If we want to understand the impact that Desert Solitaire had on readers of my generation, we have to consider the times: 1968, the year of its publication, and those that followed were a period of unprecedented social upheaval and overriding angst in America. It wasn’t only young radicals who wondered if our country was going to get through it all without major damage to our ideals. Abbey’s book gave us both a confirmation of our anxiety and an escape from it. We could read about a place in the desert that appeared to exist out of time, virtually untouched by war, racial unrest, venal politicians and pervasive pollution. Although Abbey warned us in his preface to Desert Solitaire that the Arches he knew no longer existed, this seemed not to diminish our pleasure in reading his book and imagining that somewhere in southern Utah, a place like it must surely still exist.
Even by the early 1970s, when sales of Desert Solitaire began to pick up, Arches National Park (it gained this status in 1971) remained a little-known destination, and the greater Utah canyon lands had yet to attract big-time attention. Canyonlands National Park, created in 1964, was beginning to draw visitors, but few ventured into The Maze or boated the Green River down to the Confluence. A small but determined band of hikers and canyoneers in Salt Lake City were battling to protect the Escalante Canyons from a tourist highway that Utah politicians wanted to build, but other than in Coyote Gulch, you could still find plenty of solitude (and not a few cows) within its amazing sandstone gorges.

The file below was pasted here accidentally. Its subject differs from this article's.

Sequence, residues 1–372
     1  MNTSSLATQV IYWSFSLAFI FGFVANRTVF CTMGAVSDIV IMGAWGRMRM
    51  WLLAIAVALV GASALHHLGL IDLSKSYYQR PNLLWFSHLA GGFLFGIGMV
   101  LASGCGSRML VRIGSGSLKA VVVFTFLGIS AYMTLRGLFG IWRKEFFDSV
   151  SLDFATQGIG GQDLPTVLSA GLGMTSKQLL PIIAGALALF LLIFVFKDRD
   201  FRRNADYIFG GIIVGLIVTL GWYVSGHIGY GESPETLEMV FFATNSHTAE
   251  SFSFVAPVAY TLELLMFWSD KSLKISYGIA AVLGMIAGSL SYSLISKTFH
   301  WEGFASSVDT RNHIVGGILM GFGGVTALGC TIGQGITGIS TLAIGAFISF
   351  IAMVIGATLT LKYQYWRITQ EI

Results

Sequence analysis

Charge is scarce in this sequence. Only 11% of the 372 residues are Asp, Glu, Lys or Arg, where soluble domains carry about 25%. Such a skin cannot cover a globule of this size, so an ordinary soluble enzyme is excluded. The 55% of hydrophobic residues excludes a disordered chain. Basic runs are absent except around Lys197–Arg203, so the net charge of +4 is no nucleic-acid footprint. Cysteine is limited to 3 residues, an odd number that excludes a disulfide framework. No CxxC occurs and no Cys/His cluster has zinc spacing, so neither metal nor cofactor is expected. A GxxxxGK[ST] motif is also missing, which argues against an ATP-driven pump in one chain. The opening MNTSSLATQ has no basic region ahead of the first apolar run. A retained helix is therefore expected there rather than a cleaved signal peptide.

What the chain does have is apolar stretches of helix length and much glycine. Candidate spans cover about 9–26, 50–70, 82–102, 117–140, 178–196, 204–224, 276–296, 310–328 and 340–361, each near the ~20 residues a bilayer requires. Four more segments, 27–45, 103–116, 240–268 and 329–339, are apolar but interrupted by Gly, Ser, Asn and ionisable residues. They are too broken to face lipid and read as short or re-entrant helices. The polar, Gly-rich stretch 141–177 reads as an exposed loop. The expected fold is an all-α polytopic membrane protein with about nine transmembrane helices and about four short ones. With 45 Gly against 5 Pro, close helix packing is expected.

I first visited Arches in 1976, on a cold, cloudy day in late December. My wife and drove down from Montana to find some sun and warmth, but as we reached the mostly deserted campground at Devils Garden, the overcast sky promised snow. Off to the east a full moon rose above the Uncompahgre Plateau, its light showing from behind the clouds and illuminating a mysterious world of river canyons, mesas, and open slickrock. I had read Desert Solitaire by that point and as we stood by our tent I felt a little of the thrill that must have filled Ed Abbey when he arrived at Balanced Rock in April 1956. True, the road was now paved, but it still seemed like an adventurous destination.